GST Pull-Down Technology
The purpose of this technology is to verify the interaction between proteins in vitro, and it has been widely used in the field of molecular biology. The principle of this technology is to first construct a fusion expression vector with a GST tag, then purify the protein through a GST affinity purification column, and finally the test protein is passed through the column. If there is an interaction between the tag protein and the test protein, the test protein can be bound to the column, and then the interaction protein can be obtained by elution. The disadvantage is that large-scale protein interactions cannot be screened, and some endogenous proteins can interfere with the test and lead to false positive results.
Yeast two-hybrid technology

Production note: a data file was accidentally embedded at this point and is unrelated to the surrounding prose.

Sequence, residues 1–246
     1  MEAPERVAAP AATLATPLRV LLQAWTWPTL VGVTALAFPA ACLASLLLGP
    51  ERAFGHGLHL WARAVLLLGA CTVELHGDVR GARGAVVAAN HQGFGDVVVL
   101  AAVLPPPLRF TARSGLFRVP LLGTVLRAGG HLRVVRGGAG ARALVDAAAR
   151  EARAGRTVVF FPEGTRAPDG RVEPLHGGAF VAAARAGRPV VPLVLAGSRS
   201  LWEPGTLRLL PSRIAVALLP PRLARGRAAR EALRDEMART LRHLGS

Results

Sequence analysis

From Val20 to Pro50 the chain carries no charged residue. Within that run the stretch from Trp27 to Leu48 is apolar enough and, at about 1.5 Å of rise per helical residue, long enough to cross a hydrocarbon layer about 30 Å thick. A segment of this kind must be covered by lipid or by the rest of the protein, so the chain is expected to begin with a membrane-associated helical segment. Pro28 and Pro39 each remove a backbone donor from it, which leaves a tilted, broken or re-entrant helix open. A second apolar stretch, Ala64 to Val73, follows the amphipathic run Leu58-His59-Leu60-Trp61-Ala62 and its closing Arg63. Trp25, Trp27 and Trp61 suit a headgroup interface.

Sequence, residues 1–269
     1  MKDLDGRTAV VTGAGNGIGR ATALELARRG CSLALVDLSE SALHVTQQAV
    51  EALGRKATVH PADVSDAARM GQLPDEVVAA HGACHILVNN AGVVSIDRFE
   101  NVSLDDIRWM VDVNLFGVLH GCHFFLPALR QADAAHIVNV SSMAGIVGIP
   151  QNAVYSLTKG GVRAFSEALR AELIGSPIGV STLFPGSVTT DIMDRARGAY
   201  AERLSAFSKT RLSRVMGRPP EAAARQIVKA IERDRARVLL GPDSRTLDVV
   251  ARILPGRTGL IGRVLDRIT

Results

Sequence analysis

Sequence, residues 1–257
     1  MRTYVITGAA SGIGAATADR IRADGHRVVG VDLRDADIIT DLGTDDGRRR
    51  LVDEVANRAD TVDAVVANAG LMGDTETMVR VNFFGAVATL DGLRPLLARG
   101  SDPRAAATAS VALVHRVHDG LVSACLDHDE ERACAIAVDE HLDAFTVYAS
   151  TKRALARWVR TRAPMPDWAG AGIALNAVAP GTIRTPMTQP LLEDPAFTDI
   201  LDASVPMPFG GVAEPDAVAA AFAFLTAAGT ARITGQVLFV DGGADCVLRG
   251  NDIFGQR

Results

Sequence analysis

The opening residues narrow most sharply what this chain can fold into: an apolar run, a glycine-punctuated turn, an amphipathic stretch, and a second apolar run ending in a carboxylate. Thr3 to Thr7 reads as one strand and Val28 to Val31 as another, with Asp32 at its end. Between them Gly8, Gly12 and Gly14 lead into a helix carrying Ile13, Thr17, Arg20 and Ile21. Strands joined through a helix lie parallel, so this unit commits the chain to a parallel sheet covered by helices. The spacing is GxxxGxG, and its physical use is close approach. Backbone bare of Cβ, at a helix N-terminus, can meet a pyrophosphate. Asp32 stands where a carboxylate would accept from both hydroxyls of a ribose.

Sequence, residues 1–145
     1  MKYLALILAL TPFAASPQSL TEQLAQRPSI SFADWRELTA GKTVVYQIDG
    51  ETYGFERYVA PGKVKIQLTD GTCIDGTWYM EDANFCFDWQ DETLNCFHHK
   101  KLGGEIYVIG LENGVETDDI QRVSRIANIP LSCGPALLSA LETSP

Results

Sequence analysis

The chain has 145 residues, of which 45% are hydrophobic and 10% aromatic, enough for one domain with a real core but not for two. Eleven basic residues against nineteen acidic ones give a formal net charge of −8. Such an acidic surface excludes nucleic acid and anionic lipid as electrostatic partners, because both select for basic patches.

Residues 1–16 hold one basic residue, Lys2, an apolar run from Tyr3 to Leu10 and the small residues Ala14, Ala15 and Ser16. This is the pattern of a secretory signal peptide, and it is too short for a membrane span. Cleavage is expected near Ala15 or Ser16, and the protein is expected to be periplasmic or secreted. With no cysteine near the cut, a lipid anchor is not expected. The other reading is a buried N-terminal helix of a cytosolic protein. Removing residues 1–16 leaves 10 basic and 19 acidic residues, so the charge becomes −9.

In 1989, Filds established yeast two-hybrid through the results of the study of the transcription factor GAL4. It is a classic method to verify protein-protein interactions in vivo. The principle is that there are two special domains in yeast: specific binding domain (BD) and transcription activation domain (AD). These two structure domains are functional even when separated, and do not affect each other. When BD binds to a certain gene and needs to be expressed, it must recognize AD to bind, so that transcription and translation can form a complete eukaryotic expression system. So as long as the two protein genes are connected to AD and BD respectively, if there is an interaction between the target proteins, AD and BD can complete the transcription and activate the downstream reporter gene, and the interaction result can be judged based on the reporter gene . At the same time, it is recommended to use two or more types of reporter genes (such as ADE2 and URA3) to make the test results more accurate. The advantage of yeast two-hybrid is that it can establish a cDNA library, select a large number of proteins that interact with the target protein on a large scale, and establish a gene map (GPLM). The advantage of yeast two-hybrid is that it is highly efficient. The transient and stable binding between proteins has good sensitivity. The results are easy to observe. The most important thing is that yeast two-hybrid is performed in vivo. It can effectively eliminate the interference of in vitro factors to make the result more Credible. The disadvantage is that the cell membrane, cytoplasm, and proteins secreted outside the cell cannot be detected. In addition, the test period is slightly longer, and the results are prone to false positives. Multiple screening and rotary yeast tests are required to rule out.